You are a perfect candidate for a new procedure called Breast Augmentation with Mini Ultimate Breast Lift. This is done through a circumareola incision leaving only 1 scar around the areola. The areolas can be adjusted to your desired size, the breast tissue is lifted and reshaped and implants are placed. You need your breasts higher on the chest wall and increased cleavage. Changing from a size B to size C would be no problem. A small implant such as 100 to 200 cc would be required. Whether you have tubular breasts or not is irrelevant.
Gary Horndeski, M.D.
Web reference: http://www.horndeski.com/gallery.aspx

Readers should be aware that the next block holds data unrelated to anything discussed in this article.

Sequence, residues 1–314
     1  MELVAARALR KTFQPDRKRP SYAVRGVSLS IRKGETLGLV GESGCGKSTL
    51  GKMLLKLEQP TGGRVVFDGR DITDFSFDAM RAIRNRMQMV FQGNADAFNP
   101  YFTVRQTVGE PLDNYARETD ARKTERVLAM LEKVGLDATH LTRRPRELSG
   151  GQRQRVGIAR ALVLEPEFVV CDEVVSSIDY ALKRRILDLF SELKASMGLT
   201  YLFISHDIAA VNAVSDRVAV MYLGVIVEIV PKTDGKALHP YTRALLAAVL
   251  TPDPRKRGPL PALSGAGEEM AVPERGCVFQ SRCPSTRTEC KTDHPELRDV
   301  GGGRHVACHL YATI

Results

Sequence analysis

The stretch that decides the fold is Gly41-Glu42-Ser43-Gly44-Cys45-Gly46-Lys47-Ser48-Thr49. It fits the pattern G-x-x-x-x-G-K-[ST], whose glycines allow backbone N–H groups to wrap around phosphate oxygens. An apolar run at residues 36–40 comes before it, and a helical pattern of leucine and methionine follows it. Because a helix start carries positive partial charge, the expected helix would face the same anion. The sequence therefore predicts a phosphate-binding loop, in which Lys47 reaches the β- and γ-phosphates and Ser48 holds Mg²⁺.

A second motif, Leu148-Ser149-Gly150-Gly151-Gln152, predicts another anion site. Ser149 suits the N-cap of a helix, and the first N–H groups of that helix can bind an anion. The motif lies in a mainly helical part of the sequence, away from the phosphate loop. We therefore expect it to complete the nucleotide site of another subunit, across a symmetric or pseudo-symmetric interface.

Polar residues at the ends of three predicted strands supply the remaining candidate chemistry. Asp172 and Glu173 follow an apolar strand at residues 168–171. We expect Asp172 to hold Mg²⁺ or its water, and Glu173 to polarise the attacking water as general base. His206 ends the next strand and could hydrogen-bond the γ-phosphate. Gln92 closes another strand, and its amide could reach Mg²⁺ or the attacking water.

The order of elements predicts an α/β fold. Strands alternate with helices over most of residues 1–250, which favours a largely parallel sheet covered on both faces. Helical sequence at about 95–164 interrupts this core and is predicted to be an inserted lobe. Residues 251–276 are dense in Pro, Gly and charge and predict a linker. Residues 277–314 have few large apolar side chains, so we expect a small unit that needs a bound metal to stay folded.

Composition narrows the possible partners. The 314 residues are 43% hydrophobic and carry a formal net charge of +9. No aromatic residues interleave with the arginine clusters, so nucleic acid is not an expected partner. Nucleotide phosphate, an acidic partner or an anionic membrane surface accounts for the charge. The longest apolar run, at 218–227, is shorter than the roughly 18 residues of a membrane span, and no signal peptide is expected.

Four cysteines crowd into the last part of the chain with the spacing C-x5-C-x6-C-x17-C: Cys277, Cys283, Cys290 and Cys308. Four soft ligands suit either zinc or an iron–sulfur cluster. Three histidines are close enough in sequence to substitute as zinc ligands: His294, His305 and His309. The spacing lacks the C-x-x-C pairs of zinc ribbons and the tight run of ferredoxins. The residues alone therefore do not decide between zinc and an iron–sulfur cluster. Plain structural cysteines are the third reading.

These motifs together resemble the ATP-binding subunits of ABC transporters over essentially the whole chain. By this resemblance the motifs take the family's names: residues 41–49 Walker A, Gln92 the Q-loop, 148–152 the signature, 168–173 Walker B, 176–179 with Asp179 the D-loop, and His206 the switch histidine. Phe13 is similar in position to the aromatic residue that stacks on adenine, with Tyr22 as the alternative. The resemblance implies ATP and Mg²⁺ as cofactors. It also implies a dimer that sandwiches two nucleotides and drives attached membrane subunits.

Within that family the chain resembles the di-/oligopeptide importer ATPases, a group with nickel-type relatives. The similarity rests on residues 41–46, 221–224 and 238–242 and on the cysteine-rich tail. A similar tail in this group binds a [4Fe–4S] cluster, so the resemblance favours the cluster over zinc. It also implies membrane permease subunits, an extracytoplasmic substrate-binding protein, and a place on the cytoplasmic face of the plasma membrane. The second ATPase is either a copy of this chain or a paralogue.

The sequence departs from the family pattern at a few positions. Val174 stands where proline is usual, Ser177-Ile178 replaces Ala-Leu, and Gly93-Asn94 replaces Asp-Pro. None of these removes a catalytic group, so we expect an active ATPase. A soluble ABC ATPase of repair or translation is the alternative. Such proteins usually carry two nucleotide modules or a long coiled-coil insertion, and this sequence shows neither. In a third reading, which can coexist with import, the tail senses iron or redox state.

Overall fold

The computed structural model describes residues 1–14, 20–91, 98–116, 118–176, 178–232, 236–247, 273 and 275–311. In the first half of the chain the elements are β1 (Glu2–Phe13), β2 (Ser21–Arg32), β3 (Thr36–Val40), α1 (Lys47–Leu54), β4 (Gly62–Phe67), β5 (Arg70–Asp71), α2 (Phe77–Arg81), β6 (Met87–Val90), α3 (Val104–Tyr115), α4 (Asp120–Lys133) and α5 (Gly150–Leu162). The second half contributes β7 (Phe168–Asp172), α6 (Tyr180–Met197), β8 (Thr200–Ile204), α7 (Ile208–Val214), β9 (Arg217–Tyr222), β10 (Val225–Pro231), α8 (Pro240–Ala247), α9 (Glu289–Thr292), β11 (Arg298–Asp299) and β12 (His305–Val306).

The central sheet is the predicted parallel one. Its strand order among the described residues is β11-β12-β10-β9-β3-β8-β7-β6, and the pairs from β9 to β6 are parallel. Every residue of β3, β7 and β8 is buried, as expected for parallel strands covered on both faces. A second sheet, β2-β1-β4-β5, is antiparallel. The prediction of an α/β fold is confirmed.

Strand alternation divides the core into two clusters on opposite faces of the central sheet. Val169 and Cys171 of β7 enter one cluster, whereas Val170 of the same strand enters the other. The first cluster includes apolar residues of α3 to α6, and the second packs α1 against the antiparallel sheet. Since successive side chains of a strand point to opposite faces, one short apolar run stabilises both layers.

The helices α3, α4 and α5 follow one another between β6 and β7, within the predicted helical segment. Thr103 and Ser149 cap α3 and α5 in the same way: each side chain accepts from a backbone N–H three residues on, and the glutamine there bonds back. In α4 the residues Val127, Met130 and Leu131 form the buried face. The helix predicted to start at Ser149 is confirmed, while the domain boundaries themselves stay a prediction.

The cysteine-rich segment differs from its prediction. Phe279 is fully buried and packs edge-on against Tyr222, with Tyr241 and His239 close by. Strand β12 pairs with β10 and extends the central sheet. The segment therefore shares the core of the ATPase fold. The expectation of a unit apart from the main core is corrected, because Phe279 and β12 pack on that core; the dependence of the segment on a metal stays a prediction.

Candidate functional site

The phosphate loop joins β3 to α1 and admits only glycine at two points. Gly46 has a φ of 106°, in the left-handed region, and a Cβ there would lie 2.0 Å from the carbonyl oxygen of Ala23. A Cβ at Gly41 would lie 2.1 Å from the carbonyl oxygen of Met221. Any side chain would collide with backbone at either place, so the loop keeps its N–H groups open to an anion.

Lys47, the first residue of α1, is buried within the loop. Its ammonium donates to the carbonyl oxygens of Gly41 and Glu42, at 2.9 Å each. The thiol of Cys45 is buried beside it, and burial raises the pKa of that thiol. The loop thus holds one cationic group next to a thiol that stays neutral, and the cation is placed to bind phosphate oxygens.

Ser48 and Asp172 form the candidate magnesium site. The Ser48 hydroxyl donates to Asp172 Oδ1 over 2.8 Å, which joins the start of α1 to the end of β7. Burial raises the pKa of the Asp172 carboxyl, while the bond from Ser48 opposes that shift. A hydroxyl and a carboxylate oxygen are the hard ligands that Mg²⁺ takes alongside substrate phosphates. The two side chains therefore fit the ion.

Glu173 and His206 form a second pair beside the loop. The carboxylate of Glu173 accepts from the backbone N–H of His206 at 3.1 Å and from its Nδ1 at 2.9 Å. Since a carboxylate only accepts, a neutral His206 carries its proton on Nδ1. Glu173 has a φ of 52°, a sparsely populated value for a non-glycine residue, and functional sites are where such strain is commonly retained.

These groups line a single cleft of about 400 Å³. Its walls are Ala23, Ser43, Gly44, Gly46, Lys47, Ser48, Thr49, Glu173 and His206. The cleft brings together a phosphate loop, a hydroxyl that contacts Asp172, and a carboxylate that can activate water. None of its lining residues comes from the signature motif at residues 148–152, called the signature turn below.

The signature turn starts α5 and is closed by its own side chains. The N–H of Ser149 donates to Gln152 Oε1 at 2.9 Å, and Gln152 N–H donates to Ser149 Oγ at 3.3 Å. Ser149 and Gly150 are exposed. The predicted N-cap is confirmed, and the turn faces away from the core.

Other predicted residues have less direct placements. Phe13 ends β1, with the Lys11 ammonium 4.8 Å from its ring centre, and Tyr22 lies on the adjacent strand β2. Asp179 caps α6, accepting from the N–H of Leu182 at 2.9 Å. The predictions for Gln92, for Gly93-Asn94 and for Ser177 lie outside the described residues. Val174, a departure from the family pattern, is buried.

Tuberous breasts would have a constricted or tight lower pole (the area from the fold to the nipple). Yours do not seem to have that component. Since breast augmentation is an elective procedure, you may choose to have saline implants now or wait until you turn 22 for silicone implants. In my opinion, silicone implants provide a more natural look and feel for thinner patients.
Treatment of Tubular Breasts: Implant Augmentation with Lift
Tubular breasts tend to be narrow, pointy, and have tight skin restricting enlargement. Cosmetic repair involves augmentation with the release of tight breast tissue and skin. The results are quite pleasing for patients and can make great improvements. In the photos that you present, your breasts have dropped, lost upper breast volume, and have some areolar enlargement. An augmentation with a lift and areolar reduction would be a good plan to consider!
Web reference: http://www.drbresnick.com/breast-lift-los-angeles/